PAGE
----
What people forget (or never knew) is that the first year of every presidential term starts with a budget approved by the previous administration and Congress. The president only begins to shape the budget in his second year. It takes time to develop a budget and steer it through Congress — especially in these days of congressional gridlock.
The 2009 fiscal year, which Republicans count as part of Obama’s legacy, began four months before Obama moved into the White House. The major spending decisions in the 2009 fiscal year were made by George W. Bush and the previous Congress.
Like a relief pitcher who comes into the game with the bases loaded, Obama came in with a budget in place that called for spending to increase by hundreds of billions of dollars in response to the worst economic and financial calamity in generations.
Before Obama had even lifted a finger, the CBO was already projecting that the federal deficit would rise to $1.2 trillion in fiscal 2009. The government actually spent less money in 2009 than it was projected to, but the deficit expanded to $1.4 trillion because revenue from taxes fell much further than expected, due to the weak economy and the emergency tax cuts that were part of the stimulus bill.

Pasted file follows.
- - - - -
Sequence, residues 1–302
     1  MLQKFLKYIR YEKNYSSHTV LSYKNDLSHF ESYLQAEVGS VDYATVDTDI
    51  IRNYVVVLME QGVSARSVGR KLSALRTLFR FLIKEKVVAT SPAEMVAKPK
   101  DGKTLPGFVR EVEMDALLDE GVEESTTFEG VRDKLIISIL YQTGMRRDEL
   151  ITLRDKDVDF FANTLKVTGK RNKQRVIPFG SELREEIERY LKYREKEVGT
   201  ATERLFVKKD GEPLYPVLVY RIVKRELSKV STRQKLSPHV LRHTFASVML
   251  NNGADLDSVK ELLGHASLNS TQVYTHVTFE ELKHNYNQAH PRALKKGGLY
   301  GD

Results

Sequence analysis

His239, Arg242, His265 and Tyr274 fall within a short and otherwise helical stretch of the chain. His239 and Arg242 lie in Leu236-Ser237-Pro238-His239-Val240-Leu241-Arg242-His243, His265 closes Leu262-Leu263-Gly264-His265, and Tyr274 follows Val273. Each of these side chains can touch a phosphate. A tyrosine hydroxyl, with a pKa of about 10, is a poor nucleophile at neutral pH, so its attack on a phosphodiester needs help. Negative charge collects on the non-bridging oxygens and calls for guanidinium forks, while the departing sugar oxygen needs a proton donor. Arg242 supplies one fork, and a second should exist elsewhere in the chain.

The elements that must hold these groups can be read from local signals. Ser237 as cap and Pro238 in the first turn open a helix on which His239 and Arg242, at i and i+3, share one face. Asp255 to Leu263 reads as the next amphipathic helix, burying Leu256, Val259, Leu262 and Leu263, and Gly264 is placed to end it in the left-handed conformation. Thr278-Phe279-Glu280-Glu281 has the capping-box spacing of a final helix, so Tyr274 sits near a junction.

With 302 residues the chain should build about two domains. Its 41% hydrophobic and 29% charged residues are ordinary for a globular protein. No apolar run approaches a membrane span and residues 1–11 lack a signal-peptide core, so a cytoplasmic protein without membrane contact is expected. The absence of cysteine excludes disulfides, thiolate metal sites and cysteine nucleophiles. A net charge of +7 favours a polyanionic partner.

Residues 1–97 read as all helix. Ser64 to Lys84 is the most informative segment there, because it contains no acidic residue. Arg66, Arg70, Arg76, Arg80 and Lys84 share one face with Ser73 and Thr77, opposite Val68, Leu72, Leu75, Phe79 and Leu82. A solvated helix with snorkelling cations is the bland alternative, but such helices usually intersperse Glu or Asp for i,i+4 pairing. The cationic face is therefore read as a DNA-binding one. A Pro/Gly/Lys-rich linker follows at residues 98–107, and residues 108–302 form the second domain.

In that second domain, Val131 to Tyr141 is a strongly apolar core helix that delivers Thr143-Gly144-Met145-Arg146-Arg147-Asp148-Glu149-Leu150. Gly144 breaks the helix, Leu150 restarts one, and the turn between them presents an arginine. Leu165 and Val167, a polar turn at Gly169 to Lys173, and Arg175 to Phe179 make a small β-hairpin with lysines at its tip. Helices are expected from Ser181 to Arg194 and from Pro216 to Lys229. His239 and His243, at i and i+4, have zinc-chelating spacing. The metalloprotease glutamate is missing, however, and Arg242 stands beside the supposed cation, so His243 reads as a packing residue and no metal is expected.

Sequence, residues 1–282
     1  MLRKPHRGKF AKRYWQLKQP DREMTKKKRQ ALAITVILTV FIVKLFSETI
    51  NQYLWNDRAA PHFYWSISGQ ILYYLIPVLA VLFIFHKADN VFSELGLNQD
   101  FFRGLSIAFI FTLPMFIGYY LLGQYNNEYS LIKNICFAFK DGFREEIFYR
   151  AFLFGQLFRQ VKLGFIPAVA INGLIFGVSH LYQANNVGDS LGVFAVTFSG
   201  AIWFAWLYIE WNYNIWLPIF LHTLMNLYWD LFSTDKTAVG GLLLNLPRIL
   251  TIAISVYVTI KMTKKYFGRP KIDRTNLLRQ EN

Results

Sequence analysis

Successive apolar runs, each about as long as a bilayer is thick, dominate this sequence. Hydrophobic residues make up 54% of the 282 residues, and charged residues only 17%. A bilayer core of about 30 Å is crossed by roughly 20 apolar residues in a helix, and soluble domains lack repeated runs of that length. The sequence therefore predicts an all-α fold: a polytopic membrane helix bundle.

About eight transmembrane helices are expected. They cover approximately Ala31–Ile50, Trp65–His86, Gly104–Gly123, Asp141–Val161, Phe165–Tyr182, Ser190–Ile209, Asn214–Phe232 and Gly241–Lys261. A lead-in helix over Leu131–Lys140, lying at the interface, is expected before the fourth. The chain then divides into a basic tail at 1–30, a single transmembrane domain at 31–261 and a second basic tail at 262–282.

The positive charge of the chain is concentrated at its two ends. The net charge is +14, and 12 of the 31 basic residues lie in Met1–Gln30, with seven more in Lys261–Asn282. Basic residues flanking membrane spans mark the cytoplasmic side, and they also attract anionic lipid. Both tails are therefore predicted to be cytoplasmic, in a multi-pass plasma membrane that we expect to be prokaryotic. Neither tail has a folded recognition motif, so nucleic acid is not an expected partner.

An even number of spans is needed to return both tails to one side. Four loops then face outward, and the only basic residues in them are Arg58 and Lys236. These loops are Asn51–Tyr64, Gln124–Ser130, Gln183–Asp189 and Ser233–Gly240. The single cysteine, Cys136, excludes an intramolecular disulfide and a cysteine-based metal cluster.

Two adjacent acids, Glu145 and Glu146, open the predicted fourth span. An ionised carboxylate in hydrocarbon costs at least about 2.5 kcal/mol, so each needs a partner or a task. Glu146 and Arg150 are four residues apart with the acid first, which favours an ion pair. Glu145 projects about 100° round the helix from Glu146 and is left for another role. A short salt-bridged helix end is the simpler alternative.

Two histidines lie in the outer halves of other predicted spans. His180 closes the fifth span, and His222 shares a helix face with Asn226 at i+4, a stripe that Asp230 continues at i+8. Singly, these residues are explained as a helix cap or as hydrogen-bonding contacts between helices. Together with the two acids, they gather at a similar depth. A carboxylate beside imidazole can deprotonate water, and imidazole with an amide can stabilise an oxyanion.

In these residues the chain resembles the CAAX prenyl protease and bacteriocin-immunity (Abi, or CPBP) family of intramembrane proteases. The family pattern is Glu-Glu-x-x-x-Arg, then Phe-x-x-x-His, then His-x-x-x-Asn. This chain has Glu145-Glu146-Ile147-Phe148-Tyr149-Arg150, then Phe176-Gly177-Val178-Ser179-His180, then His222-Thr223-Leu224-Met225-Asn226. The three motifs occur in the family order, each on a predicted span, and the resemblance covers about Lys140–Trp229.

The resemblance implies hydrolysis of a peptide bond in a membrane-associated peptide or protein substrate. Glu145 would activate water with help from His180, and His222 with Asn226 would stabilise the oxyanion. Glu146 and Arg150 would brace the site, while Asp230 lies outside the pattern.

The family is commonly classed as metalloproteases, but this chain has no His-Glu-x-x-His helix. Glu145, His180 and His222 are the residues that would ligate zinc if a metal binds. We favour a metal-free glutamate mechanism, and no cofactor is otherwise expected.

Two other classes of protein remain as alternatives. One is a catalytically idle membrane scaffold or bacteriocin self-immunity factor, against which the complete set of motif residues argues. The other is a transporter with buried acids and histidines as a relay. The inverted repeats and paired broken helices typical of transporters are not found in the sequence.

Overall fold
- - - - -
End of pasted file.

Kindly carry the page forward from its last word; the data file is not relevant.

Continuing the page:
The projected deficit for the 2010-13 period has grown from an expected $1.7 trillion in January 2009 to $4.4 trillion today. Lower-than-forecast revenue accounts for 73% of the $2.7 trillion increase in the expected deficit. That’s assuming that the Bush and Obama tax cuts are repealed completely.
When Obama took the oath of office, the $789 billion bank bailout had already been approved. Federal spending on unemployment benefits, food stamps and Medicare was already surging to meet the dire unemployment crisis that was well underway. See the CBO’s January 2009 budget outlook.
Obama is not responsible for that increase, though he is responsible (along with the Congress) for about $140 billion in extra spending in the 2009 fiscal year from the stimulus bill, from the expansion of the children’s health-care program and from other appropriations bills passed in the spring of 2009.
If we attribute that $140 billion in stimulus to Obama and not to Bush, we find that spending under Obama grew by about $200 billion over four years, amounting to a 1.4% annualized increase.
After adjusting for inflation, spending under Obama is falling at a 1.4% annual pace — the first decline in real spending since the early 1970s, when Richard Nixon was retreating from the quagmire in Vietnam.
In per capita terms, real spending will drop by nearly 5% from $11,450 per person in 2009 to $10,900 in 2013 (measured in 2009 dollars).